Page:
Lapidaries and Lyfsteinar
Health, Enhancement and Human-Lithic Relations in Medieval Iceland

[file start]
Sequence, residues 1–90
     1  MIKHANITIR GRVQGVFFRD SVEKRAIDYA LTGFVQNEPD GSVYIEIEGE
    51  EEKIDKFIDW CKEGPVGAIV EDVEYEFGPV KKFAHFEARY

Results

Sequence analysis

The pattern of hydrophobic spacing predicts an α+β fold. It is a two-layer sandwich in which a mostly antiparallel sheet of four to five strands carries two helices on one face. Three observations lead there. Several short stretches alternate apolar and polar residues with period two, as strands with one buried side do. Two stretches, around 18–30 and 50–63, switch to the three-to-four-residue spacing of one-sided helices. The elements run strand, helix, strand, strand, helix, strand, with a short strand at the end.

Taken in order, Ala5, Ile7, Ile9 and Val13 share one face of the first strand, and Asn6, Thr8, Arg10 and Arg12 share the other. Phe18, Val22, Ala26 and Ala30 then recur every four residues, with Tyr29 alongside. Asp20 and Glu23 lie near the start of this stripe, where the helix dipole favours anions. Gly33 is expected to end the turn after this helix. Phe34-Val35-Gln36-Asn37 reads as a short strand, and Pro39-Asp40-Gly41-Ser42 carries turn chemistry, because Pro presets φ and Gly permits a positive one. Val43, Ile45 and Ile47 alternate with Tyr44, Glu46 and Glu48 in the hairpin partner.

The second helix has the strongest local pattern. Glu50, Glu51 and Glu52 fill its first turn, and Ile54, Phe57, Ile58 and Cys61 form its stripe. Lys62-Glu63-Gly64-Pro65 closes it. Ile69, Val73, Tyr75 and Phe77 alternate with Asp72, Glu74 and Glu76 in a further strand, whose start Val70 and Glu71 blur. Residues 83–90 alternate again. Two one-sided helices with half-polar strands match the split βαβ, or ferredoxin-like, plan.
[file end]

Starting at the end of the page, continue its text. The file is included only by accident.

This article examines the properties of powerful stones in medieval Iceland, focusing on the applications of such stones in learned treatises and in saga literature. The relationships between humans and stones in these sources offer a useful case study for engaging with medieval Icelandic conceptions of the interplay between the human and the non-human world, specifically in terms of bodily health and enhancement. The article has two parts: the first part examines the Old Norse-Icelandic lapidary tradition as witnessed in the translated lapidary text in AM 194 8vo (ff. 45v–48v), providing an overview of the range of physiological, emotional and cognitive effects stones were thought to have on humans (from the curative and prophylactic to the enhancive); the second part discusses the appearance of stones in thirteenth- and fourteenth-century saga literature, examining how their properties alter and develop over time and across genres. This research builds on the growing bodies of scholarship on dis/ability and medicine in Old Norse-Icelandic literature and finds that the presentation of powerful stones in these texts suggests an understanding of the human body and mind as fundamentally “open” to the vibrant, material world. It therefore further supplements contemporary research into conceptions of the self in medieval Iceland, as well as attitudes towards the non-human world.